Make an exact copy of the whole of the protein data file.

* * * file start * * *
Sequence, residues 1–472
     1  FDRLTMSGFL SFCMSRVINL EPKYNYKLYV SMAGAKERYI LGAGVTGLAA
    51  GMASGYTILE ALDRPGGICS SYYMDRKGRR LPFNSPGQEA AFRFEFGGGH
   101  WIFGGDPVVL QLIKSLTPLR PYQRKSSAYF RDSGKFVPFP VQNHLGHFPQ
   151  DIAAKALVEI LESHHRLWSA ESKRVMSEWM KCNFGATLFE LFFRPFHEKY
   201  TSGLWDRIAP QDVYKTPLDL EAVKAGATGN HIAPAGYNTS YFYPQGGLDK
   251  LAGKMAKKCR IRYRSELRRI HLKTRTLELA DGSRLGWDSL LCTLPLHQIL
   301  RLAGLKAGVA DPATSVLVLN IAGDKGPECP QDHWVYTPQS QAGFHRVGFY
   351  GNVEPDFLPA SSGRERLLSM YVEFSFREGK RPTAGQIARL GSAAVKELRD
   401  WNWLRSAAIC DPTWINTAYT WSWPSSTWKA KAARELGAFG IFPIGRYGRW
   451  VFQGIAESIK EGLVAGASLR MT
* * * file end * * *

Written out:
Sequence, residues 1–472
     1  FDRLTMSGFL SFCMSRVINL EPKYNYKLYV SMAGAKERYI LGAGVTGLAA
    51  GMASGYTILE ALDRPGGICS SYYMDRKGRR LPFNSPGQEA AFRFEFGGGH
   101  WIFGGDPVVL QLIKSLTPLR PYQRKSSAYF RDSGKFVPFP VQNHLGHFPQ
   151  DIAAKALVEI LESHHRLWSA ESKRVMSEWM KCNFGATLFE LFFRPFHEKY
   201  TSGLWDRIAP QDVYKTPLDL EAVKAGATGN HIAPAGYNTS YFYPQGGLDK
   251  LAGKMAKKCR IRYRSELRRI HLKTRTLELA DGSRLGWDSL LCTLPLHQIL
   301  RLAGLKAGVA DPATSVLVLN IAGDKGPECP QDHWVYTPQS QAGFHRVGFY
   351  GNVEPDFLPA SSGRERLLSM YVEFSFREGK RPTAGQIARL GSAAVKELRD
   401  WNWLRSAAIC DPTWINTAYT WSWPSSTWKA KAARELGAFG IFPIGRYGRW
   451  VFQGIAESIK EGLVAGASLR MT